Sebastian Oreb of Australia is a powerlifter and strength coach whose most well known client is likely 2018 World’s Strongest Man Hafthor Bjornsson. Before Bjornsson announced his official retirement from the sport of strongman following his 10th consecutive Iceland’s Strongest Man competition victory, he deadlifted a world record 501kg/1,104lb. That lift was performed on World’s Ultimate Strongman’s (WUS) “Feats of Strength” series and was broadcast on ESPN.
All this is to say that Oreb not only trains elite athletes, he is capable of lifting with them too. Yesterday, the 37-year-old Oreb posted to his Instagram page a personal best squat of 400kg/882lb in training. If you have not yet seen it, check it out below:
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Oreb’s background in powerlifting is fairly impressive despite only first competing at the age of 29 according to Open Powerlifting. He has competed in a dozen events in the last decade, mostly in the -110kg weight class — winning a third of them, and only missing the podium a single time. The competitive highlights on his resume are back-to-back wins in the 2018 and 2019 World Raw Powerlifting Federation (WRPF) Australian Championships. His competition best squat is a 375kg/826.7lb lift from his third attempt in his most recent meet — the 2019 ProRaw XI last March.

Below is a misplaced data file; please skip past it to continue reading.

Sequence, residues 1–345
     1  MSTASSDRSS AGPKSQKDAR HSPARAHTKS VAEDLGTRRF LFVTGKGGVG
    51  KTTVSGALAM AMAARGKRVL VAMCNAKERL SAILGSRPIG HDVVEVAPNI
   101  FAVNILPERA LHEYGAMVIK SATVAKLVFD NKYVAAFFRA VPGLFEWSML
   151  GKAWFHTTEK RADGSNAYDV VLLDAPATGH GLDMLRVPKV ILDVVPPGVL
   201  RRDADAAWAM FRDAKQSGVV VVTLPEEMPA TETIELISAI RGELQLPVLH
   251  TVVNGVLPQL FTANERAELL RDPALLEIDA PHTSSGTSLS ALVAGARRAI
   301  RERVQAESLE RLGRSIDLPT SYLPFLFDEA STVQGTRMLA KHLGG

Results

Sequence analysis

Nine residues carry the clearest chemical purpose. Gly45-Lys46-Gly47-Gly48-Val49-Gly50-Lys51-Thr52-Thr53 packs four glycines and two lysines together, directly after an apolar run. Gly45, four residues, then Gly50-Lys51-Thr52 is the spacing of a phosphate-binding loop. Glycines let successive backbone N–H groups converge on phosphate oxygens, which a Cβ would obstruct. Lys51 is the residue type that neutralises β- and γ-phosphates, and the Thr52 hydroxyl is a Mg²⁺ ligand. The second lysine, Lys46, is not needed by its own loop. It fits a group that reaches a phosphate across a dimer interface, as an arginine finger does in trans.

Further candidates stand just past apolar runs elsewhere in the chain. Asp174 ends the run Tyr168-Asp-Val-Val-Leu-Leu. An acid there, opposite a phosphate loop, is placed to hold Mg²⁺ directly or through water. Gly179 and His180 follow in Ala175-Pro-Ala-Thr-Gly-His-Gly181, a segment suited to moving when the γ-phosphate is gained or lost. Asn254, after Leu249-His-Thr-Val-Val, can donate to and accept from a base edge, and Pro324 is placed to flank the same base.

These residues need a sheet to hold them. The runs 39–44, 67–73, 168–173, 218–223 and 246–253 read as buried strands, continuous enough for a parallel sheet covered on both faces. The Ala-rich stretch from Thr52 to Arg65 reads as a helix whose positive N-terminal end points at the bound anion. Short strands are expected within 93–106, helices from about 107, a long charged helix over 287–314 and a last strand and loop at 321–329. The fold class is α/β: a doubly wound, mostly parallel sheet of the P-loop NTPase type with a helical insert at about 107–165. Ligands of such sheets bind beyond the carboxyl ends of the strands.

In addition to training some of the strongest athletes in the world, competing at high level powerlifting events, and hitting milestone lifts in training, the Australian strength coach has shown to eat like a strongman as well. On Bjornsson’s YouTube channel, there is a video of a full day of eating that involved consuming 8,000 calories of meat, rice, veggies, milk, orange juice, and more. It was all part of the vertical diet Bjornsson followed when prepping for competition. Oreb was in that video eating calorie for calorie with “The Mountain”, despite weighing approximately half his bodyweight.
With this 400kg/882lb achievement in the books for Oreb, it will be interesting to see what feat of strength he attempts to do next. We look forward to watching his training continue and potentially get back onto the competitive stage.
Feature image from Sebastian Oreb’s Instagram page: @australianstrengthcoach